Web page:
For Anna, this scene with Mike Taylor is a brief encounter with a devoted fan before the inevitable end.  “I’m ready now,” she says after gifting a souvenir to her fanboy—a postcard of her tintype imprinted with the courage he needs to go off to war.  She dies and is rewarded in Heaven with gold everything, but not before she rewards the audience with the tale we’ve all been begging and berating her for: What was it like going over the Fall?  She sings:
Sky, slate grey blue.
Migrating geese.
Chill in the air.
Breathe now, Anna
Glazed in mist.
Hovering bees.
Bright everywhere.
Taste it, Anna.
Beautiful world.
Terrible world.
Into my barrel/cradle/coffin.
Beautiful world.
Terrible world, farewell.
Into the water/gravesite/heaven or hell.
People will ask.
There is no beautiful, terrible ‘why’;
No answer at all.
No answer to give.
Except to live and fall…
And here again, as I had experienced in rehearsal for See Rock City, the ensemble is called forth to think and move as one to embody her fall, her transition to the other side.  Scott Rink, the choreographer assigned the impossible task of working with six actors who cannot and do not dance (don’t ask them), has the vision to create a reenactment of a historic photograph of Anna emerging from her barrel post-fall.  We gather around the photograph and examine it together.  Then we form a tableau.  The music begins.  Mary approaches us.  We extend our arms to her.  We lift her in time with the ascending chords.  We flow like the waters.  We support Anna out of her barrel, up, and through…and our legs cramp.  We’ve been holding a plié and stretching our arms for quite a while.  We are confused.  I’m unsure where my gaze should be.  I have the only spoken line, “My God!  The woman is alive!” and I have no clue how to deliver it.  Should it be mezzo forte?  Ethereal?  Commanding?  Full of awe?  Jack’s answer, “Yes, it should be all of those things.”  So, we will try again.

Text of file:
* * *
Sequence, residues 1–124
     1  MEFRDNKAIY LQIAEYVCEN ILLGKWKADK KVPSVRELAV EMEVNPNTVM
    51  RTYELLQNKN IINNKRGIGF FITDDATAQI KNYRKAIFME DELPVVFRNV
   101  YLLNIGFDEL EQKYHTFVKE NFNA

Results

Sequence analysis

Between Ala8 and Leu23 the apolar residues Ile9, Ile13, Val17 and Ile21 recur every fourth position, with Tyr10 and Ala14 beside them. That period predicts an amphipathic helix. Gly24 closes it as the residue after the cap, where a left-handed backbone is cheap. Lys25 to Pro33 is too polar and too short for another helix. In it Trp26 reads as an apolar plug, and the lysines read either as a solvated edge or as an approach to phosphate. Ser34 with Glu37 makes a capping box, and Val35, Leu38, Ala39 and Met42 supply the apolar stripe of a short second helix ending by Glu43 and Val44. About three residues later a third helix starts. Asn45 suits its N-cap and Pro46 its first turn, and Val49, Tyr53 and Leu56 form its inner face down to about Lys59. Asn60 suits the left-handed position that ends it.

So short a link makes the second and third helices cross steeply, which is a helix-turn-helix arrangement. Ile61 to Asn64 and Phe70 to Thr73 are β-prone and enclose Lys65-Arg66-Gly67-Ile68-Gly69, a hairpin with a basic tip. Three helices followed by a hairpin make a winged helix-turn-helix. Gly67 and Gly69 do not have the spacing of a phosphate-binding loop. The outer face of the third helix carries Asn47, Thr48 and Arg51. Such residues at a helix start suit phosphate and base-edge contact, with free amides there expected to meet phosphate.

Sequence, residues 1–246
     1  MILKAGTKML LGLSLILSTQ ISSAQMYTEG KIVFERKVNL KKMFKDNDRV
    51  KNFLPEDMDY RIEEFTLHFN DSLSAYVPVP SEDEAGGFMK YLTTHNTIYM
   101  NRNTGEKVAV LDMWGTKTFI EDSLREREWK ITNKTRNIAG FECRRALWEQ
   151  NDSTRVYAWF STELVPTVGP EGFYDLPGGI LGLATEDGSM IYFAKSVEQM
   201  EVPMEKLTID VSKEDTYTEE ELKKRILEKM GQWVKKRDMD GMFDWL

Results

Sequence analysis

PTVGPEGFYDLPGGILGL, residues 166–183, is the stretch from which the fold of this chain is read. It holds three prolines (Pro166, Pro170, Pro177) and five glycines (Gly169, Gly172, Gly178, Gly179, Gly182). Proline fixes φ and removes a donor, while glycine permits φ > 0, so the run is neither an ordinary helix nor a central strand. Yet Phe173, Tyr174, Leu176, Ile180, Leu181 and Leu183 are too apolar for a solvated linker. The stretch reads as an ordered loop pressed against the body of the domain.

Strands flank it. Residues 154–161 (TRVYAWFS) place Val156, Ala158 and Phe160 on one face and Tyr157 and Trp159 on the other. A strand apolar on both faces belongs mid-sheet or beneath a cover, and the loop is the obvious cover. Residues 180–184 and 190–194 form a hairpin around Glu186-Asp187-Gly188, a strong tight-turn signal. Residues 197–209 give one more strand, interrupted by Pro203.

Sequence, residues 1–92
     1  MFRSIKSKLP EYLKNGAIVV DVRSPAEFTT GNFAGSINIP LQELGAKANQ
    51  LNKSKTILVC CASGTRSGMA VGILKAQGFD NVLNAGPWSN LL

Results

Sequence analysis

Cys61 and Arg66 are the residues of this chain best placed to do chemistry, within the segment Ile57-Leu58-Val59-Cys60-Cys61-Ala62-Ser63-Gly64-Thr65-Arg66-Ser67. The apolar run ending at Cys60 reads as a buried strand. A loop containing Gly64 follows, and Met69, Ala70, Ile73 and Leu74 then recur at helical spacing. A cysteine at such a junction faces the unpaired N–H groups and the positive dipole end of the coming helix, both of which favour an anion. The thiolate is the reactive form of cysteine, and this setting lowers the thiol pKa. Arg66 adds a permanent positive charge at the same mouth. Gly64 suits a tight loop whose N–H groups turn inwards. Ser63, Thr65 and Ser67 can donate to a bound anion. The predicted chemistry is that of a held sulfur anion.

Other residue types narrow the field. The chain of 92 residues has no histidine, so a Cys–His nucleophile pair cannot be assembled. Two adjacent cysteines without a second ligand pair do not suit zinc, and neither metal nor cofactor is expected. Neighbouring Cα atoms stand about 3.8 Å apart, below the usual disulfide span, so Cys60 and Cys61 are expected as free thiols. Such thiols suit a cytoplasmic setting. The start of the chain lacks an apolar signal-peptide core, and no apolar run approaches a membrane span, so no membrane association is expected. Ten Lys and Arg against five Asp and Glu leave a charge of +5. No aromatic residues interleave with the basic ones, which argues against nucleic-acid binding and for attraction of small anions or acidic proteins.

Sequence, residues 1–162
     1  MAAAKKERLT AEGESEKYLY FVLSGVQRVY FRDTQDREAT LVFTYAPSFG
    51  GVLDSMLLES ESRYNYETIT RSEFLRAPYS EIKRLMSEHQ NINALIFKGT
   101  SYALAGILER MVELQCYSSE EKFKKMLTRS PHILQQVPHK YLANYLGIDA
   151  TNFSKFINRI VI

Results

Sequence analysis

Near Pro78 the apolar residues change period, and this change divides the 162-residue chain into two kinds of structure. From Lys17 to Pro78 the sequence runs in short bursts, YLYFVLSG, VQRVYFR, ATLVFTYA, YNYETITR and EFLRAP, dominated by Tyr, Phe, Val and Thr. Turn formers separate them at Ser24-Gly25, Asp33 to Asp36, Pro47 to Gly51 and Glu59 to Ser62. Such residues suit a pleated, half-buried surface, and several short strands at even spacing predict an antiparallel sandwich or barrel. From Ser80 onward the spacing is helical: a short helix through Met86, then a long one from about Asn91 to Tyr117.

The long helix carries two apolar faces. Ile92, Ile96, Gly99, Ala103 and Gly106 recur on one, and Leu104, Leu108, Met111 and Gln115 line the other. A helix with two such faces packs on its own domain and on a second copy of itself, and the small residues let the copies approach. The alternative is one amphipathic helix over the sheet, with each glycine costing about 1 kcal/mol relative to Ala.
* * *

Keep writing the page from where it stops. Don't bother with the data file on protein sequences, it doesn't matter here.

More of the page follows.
Theresa McCarthy seems to be a ballerina trained in Russia, rolling up her sleeves and lunging sideways.  Tally was going to the gym a lot and his physique was impressive (still is).  He flexes and supports someone’s back.  D.C. is so game to play along, comfortable going with the flow.  Julia is a gazelle, poised and focused.  Her gaze is laser-like and I think, did she learn that from her time as Elphaba?  I feel young and racked with self-doubt.  But I stay in the game.  We try again and Scott nudges an arm, lifts a hand, rotates my head.  And Mary as Anna moves through us at a pace that times out just perfectly so that she has arrived at the other end of the stage at the arrival of a new section of the song.  We’ve found it.